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This is as dangerous an intersection as any in New Haven and need a "NO TURN ON RED" sign for southbound College St.
Please take a look at the article and weigh in with your thoughts.
Below is one of the many insightful comments.
Several Elm City Cycling members were able to attend and can answer questions about the details of the Phase 1 plan (like the curb radii), which are not really shown in this article.
posted by: Steve B on June 10, 2011 1:17pm
Mixed bag overall, some things to like, some progress, but overall I was pretty underwhelmed by what I saw last night. The marketing materials distributed at the beginning called this a “bold” vision. I disagree. If you take for granted the highway stub should be removed, this plan is the least “bold” way to accomplish that.
The upside of the current plan is mainly just that the median is reopened for development, which might sort of accomplish the goal of “stitching” neighborhoods back together, and it will build the tax base.
But the city’s stated goal of improving safety and making the streets more hospitable to pedestrians will not be accomplished under this plan. The stub highway wasn’t the problem, it was the frontage roads, and this plan makes them wider and more dangerous.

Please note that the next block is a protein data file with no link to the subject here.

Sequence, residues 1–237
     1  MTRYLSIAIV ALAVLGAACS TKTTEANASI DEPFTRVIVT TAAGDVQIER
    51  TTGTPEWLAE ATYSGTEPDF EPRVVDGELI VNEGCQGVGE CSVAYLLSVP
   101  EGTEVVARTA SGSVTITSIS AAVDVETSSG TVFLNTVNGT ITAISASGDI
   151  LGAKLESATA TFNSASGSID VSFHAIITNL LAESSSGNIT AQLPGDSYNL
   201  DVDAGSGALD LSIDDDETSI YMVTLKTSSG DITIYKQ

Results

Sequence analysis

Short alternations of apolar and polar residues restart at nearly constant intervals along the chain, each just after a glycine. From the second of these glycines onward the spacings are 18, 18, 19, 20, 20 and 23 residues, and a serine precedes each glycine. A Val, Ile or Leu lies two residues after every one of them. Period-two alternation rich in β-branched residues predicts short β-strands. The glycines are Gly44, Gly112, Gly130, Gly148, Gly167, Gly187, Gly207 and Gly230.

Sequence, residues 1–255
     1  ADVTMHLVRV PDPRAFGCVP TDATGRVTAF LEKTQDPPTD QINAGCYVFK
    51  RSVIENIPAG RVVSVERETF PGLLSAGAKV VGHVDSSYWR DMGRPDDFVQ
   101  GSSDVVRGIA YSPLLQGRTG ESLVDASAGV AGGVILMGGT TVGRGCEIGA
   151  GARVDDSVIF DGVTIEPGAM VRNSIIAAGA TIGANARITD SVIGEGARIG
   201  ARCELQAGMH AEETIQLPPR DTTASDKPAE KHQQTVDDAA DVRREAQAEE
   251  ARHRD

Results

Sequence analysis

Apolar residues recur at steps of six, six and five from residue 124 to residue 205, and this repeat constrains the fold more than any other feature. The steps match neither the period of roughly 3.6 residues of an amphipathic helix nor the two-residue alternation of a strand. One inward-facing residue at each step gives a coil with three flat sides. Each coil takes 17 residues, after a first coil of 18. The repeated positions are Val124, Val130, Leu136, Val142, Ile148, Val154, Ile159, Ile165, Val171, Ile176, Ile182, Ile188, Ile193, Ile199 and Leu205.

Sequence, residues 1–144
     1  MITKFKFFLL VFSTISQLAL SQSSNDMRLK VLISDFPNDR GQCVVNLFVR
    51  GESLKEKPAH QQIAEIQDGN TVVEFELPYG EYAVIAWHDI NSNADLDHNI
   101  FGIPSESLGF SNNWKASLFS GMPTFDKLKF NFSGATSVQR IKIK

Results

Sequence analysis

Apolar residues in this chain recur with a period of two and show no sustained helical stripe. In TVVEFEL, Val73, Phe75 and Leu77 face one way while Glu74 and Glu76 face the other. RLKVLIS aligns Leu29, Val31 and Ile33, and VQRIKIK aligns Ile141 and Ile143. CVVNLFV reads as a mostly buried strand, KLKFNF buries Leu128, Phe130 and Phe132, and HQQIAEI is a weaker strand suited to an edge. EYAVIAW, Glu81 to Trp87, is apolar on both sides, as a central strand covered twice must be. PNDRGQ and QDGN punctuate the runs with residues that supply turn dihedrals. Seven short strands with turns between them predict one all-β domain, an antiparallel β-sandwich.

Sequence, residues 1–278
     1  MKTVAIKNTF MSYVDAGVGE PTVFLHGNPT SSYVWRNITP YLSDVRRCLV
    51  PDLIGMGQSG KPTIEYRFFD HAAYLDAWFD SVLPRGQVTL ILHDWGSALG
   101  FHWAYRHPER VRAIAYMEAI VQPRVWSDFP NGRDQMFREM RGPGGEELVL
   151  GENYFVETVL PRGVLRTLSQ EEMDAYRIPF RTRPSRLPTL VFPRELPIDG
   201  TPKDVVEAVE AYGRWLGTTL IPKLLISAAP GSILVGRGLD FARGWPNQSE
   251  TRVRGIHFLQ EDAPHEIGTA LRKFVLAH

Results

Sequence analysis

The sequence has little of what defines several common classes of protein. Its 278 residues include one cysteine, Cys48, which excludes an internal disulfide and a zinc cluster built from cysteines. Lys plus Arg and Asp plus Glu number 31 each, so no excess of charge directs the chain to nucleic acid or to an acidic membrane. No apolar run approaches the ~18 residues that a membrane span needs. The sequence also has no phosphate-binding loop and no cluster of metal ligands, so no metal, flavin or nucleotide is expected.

Likewise, the city’s stated goal of creating an appealing, walkable neighborhood street will not be accomplished under this plan. They claim that future development will be mixed use (retail, residential, office), but NOBODY wants to live in a building surrounded by eight lanes of high speed traffic and the accompanying noise and pollution. Dream on.
The truth is that the City is simply grossly overestimating the amount of roadway capacity that will be needed in the future. They claim to be concerned about traffic backing up onto 95, but I think other elements of the plan like funneling more traffic onto Orange and George Streets will deal with that threat. Once the city streets are reconnected and traffic is better distributed (Temple, Orange, two-way George, two-way College, and direct routes to Union Station), then Route 34 will be able to operate just fine with much less capacity than it has today. Furthermore, the direct ramps to Air Rights Garage will single handedly remove 4,000 vehicles from surface streets that are there today.
If they took the existing drawings, and replaced one entire lane of traffic in each direction with street parking, I would support the plan. Such a design would slow travel speeds, provide better access to ground level retail, and provide a buffer between sidewalks/bike lanes and auto traffic, and shorten crossing distances. THAT would be a much friendlier street. And I sincerely believe that motorists would not be adversely affected. The current design has unnecessarily generous car capacity.
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